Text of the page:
As for the amateurs who don’t care so much for specs, the D750’s FullHD video recording capabilities will be just fine. The camera comes with stereo microphone and headphone ports, plus the built-in microphone is able to cancel out wind noises, giving users plenty of options when it comes to audio. And just like the D780, the D750 is equipped with a tilting LCD screen which can come in handy when you’re shooting videos from different angles. These little perks will be more than enough for those who simply want to capture important moments through high-quality videos.
The D780 wins over the D750 with its faster shutter speed and longer shutter time.
Even for 2014 standards, the D750 leaves one wanting more when it comes to shooting performance. It limits users to a maximum shutter speed of 1/4000, which is pretty mediocre for a full-frame DSLR. Fortunately, the D780 has the same shutter mechanism as the pro model D850, meaning it won’t leave anyone feeling disappointed. With a maximum shutter speed of 1/8000, you can shoot fast-moving subjects with much ease as well as take photos in extremely bright surroundings without any trouble. If you’re a professional sports of wildlife photographer, you know exactly which model is for you.
Those who love long exposure shots would also be a lot happier with the D780 because it can hold its shutter open for an impressively long time. Without going into bulb mode, its shutter can stay ajar for a whopping 15 minutes which seems like an eternity compared to the D750’s 30 seconds. This allows professionals such as astrophotographers and landscape photographers to get creative and really tell a story through their captured images.
In the aspect of burst shooting, there isn’t much of a difference between the two. The D780 offers a capture speed of 7fps but the D750 isn’t that far behind at 6.5fps. The former can, however, bump it up to 12fps if it’s put on Silent Photography mode. If you take this into consideration, then the D780 might be the better camera to shoot with if your subjects are in action.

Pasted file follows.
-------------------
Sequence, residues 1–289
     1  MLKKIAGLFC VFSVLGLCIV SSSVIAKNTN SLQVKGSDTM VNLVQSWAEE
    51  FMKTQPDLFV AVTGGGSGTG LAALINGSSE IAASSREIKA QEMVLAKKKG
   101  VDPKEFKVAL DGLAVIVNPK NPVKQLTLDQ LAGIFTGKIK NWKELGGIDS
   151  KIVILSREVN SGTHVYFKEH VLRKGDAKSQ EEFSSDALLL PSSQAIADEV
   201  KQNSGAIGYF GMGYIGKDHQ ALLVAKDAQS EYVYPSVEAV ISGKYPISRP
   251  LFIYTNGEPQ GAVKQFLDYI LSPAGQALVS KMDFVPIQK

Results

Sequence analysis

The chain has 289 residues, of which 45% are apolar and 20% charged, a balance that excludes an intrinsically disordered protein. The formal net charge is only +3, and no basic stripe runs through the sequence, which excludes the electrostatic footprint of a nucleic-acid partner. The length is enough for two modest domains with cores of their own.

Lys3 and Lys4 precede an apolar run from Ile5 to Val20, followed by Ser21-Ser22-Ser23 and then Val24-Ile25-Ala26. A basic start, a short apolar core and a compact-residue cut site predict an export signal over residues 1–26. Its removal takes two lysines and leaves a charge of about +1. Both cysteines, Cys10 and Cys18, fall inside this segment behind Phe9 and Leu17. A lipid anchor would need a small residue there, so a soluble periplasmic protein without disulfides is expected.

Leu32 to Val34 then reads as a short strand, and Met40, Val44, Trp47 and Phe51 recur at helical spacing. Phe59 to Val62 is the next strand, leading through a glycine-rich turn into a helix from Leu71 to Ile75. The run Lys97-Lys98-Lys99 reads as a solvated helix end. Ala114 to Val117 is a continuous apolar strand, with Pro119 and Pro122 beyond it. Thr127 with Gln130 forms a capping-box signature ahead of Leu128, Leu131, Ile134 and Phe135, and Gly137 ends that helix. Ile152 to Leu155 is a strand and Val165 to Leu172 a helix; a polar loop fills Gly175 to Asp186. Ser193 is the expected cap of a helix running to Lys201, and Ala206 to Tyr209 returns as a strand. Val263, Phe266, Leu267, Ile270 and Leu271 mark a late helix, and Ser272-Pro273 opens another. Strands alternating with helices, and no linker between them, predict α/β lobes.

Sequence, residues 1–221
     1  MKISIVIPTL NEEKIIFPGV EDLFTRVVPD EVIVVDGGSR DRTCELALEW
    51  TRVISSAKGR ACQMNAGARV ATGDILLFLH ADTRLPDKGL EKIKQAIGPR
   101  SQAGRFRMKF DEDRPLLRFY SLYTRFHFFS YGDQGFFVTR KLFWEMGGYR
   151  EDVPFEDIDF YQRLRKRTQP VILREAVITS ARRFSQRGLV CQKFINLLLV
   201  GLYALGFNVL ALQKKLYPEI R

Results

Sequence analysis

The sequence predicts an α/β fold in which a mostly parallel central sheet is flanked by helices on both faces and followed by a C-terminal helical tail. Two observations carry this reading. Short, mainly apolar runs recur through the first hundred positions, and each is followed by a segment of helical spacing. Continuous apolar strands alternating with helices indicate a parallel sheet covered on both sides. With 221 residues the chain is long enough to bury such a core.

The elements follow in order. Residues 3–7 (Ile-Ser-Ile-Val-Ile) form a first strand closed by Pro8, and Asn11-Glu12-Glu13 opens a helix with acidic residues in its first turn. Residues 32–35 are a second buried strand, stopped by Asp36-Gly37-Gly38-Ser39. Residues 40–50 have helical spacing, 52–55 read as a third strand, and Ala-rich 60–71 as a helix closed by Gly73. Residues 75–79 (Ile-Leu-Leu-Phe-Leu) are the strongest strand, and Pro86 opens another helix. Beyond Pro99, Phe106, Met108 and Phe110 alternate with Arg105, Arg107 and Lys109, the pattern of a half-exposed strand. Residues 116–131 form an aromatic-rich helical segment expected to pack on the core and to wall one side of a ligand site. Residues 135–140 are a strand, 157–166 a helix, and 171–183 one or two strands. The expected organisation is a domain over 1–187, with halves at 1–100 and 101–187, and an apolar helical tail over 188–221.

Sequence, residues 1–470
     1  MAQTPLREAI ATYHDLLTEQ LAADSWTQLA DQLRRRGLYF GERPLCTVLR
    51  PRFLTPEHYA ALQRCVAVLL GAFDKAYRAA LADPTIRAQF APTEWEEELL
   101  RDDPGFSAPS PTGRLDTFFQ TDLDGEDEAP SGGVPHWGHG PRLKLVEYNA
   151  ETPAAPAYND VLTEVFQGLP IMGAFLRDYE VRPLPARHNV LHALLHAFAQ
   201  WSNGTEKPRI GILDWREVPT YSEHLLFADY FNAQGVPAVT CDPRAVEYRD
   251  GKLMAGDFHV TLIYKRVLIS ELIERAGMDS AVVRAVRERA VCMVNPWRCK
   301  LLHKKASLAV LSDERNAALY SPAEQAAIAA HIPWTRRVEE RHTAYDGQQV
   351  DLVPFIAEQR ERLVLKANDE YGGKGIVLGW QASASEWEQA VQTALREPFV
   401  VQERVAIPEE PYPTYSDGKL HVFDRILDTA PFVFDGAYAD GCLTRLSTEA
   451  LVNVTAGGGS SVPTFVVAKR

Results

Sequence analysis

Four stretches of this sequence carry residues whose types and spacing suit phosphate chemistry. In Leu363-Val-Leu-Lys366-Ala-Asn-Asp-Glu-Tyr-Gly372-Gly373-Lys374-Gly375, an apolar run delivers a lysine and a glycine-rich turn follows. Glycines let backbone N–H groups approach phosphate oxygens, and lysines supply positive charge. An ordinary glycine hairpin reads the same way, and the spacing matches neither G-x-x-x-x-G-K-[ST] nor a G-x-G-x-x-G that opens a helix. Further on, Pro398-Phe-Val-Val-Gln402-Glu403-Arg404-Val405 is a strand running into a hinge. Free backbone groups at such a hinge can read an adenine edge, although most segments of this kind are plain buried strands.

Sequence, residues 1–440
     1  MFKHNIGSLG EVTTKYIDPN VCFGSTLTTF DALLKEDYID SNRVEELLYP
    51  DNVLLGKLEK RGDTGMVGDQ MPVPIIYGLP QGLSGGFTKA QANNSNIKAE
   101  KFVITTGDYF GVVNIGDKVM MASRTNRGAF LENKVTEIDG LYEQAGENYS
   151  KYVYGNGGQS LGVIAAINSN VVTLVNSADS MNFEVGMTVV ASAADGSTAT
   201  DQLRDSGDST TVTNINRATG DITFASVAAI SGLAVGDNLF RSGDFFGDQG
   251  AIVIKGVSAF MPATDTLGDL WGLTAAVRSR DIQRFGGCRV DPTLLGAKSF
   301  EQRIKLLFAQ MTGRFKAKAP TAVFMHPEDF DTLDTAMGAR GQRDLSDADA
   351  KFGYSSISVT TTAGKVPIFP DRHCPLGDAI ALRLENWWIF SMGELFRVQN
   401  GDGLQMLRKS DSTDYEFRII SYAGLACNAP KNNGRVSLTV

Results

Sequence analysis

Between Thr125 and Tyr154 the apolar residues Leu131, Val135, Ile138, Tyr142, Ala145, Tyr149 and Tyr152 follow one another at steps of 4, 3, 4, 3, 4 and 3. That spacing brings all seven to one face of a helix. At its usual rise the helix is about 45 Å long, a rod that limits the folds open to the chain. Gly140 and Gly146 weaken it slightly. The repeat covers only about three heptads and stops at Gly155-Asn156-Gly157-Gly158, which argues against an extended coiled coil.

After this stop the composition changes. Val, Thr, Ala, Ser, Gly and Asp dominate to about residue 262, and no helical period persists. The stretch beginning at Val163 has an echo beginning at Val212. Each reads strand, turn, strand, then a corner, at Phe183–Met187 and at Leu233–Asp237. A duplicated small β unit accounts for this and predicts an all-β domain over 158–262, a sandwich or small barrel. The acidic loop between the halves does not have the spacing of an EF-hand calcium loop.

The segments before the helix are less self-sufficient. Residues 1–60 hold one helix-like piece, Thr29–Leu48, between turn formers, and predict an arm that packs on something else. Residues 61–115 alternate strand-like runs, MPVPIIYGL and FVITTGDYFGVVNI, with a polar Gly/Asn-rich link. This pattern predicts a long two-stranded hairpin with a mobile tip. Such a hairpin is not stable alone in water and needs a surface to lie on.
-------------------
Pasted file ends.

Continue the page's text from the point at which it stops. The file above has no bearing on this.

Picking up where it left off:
The D780 surpasses the D750 when it comes to live-view autofocus.
If you’re focusing with the viewfinder, the D750 and the D780 deliver almost the same performance since both are equipped with the Multi-CAM 3500FX II autofocus sensor with 51 points. The D780 does have a little more of an edge though, considering that it borrowed its focusing algorithm from the flagship D5 model. But the line is pretty thin and you probably wouldn’t even notice the difference unless you looked really hard.
It’s a different story, however, if you’re using live-view autofocus because the D780 really surpasses expectations and trumps the D750 by a mile. Equipped with 273 on-chip phase-detection AF points, you can expect it to perform at a much speedier rate than the D750 which uses a contrast-detection-only live-view autofocus. Combine this with the power of the EXPEED 6 processor and you get extra cool features like face and eye detection as well, making the focusing experience on the D780 so much smoother.
The Nikon D750 is enough to satisfy amateur needs but the D780 is a wise investment for professionals.
The Nikon D750 is obviously not the hottest DSLR model in the market anymore but it’s far from being obsolete. You can’t forget the fact that it’s still a full-frame camera, one that takes high-quality 24MP photos and 1080p FullHD videos. If you’re an amateur, there really is no reason to spend more for the D780 when the cost-effective D750 is enough to satisfy your photography needs.
If you do work in the photography field, however, consider it a smart move to invest in the Nikon D780, particularly for its ability to shoot videos in 4K. Not only that but this newer model also boasts of mightier in-cam processing power, a wider ISO range, a snappier shutter speed, and a higher-resolution LCD screen, all of which are features that can spell the difference between professional and amateur work.
Last update on 2022-05-23 / Affiliate links / Images from Amazon Product Advertising API